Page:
“This is symptomatic of the growing disconnect between governments’ perception of people’s well-being and the reality.”
The recent protests in Bolivia came as a surprise to the world as the nation has shown impressive socio-economic progress in recent times. This raises a question: Is only GDP-based assessment of the economy missing the bigger picture?
"This is symptomatic of the growing disconnect between governments' perception of people's well-being and the reality," explained Dr Mario Pezzini, director of the OECD (Organisation for Economic Co-operation and Development) Development Centre.
He suggested that governments should dig deeper to understand the root cause of discontent and unrest, adding that the usual policy remedies do not seem to work anymore.
Although GDP-related indicators have long been at the core of government policies, these do not adequately reflect the living standards of people, the economist said.
Instead, he claimed, multi-dimensional frameworks such as well-being indicators, paint a better picture of people's needs. "Policymakers can use these tools to design and implement reforms."
He made the observation on Tuesday while speaking at the CPD Anniversary Lecture 2019, held at a hotel in Dhaka.
In the lecture titled "Perspectives on Global Development: Rethinking Development Strategies," Dr Pezzini claimed that increased expectations could be at the core of discontent in many countries with good growth numbers today.
This is based on the idea that societal progress is related to improvements in people's and household's well-being. It is structured around the aspects that matter most for people's well-being — social connections, health, work-life balance, and equitable and sustainable development.
"Increasing rates of growth in many countries have created a series of expectations in people, who see that increasing growth is not only not improving their lives, but on the contrary, they remain increasingly vulnerable against governments that are often incapable of providing the right responses," said Pezzini.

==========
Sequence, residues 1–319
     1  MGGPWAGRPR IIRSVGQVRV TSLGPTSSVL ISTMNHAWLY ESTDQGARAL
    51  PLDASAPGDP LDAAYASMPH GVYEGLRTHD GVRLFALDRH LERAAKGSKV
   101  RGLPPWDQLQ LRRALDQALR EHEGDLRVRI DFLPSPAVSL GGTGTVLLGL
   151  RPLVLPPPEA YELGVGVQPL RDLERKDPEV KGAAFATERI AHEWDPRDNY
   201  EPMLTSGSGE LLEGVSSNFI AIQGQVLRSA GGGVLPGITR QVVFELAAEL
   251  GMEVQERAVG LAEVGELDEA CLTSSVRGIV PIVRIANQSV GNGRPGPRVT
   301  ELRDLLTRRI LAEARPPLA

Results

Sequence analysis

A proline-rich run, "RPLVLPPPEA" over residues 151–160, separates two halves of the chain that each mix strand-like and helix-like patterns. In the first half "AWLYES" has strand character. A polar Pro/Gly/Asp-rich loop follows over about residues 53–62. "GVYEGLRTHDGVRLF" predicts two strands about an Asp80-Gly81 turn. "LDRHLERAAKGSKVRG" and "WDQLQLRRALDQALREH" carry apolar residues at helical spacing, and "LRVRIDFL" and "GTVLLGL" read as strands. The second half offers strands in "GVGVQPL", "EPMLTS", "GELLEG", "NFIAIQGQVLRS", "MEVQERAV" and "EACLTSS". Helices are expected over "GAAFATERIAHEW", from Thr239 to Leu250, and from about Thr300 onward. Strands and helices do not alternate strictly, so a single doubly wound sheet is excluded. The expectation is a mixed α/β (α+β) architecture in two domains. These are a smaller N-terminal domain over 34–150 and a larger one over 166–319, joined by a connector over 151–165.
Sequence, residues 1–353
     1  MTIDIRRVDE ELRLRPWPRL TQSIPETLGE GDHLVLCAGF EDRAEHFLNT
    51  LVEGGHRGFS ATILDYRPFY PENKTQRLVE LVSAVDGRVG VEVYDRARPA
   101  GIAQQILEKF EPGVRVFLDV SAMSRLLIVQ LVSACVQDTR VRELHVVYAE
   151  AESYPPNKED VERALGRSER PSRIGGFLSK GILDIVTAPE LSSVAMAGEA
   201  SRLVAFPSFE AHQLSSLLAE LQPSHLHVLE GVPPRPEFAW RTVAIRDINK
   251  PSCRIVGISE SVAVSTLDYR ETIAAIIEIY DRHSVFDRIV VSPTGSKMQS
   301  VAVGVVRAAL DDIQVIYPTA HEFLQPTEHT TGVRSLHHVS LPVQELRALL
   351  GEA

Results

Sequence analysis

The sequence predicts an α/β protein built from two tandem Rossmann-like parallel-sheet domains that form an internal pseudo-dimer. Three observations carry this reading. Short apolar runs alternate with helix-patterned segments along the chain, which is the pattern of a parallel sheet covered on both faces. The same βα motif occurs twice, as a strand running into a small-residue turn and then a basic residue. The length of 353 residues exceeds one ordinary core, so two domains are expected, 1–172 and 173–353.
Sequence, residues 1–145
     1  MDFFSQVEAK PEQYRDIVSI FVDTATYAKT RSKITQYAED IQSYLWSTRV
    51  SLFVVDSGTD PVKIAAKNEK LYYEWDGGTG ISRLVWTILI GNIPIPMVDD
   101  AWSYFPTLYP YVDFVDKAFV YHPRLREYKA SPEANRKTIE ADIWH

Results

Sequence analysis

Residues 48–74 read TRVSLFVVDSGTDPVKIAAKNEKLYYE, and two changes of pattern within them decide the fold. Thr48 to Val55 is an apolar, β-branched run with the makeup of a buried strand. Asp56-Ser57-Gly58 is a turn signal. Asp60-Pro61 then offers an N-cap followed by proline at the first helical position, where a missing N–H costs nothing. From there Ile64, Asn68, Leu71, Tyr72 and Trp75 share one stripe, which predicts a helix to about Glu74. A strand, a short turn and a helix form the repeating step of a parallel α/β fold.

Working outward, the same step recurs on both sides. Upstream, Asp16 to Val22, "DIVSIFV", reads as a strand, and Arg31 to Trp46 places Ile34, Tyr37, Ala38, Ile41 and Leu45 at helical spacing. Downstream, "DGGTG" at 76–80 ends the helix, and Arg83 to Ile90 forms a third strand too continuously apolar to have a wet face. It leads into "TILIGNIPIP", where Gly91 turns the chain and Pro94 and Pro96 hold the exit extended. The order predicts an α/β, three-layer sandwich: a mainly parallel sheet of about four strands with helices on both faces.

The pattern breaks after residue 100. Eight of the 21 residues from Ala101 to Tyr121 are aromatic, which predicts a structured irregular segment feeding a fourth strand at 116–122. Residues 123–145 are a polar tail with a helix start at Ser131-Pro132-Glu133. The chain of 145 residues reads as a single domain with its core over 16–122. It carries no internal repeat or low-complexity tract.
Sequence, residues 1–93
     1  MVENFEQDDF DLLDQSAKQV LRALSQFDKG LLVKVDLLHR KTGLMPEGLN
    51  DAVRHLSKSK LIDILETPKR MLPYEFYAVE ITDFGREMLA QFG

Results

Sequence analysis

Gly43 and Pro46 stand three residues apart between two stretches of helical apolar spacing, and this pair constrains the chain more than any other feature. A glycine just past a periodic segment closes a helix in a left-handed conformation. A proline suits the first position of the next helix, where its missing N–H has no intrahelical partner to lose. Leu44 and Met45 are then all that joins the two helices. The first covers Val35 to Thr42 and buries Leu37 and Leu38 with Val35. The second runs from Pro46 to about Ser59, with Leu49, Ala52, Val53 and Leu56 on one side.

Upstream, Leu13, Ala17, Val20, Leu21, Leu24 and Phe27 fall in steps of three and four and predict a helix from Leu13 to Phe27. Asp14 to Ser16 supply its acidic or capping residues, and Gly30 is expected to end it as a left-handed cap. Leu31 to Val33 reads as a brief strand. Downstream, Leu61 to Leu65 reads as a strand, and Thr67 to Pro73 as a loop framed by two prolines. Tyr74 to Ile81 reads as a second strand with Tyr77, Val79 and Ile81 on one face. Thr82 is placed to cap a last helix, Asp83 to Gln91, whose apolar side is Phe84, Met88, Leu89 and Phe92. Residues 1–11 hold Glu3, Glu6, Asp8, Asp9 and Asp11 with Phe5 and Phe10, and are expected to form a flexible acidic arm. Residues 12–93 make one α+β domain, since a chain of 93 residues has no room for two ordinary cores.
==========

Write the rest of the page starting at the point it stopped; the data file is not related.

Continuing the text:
The majority of development numbers is built around GDP numbers, but that may not automatically translate to wellbeing for the people of a nation, he said. The paradox of increasing gross domestic product (GDP) rates, but increasing inequality is also fuelling social discontent.
He further stated that in many developing countries, a considerable percentage of the middle-class remains highly vulnerable – proof that economic indicators have not painted the whole picture.
"Middle income economies, despite having higher levels of GDP, are still home to 73 percent of the world's poor," he said.
The economist suggested prioritising well-being of the people over per capita income while forming policies under the framework of development in transition, i.e., for countries that are achieving higher income levels but continue dealing with inequalities, mobilisation of domestic resources, weak social frameworks, regional disparities, limited capacities for innovation and low economic diversification.
"Development strategies should be specific to the nature of the challenges being faced by a particular country," Pezzini recommended.
Among others, CPD Executive Director Fahmida Khatun and Distinguished Fellow Professor Mustafizur Rahman, were also present at the lecture.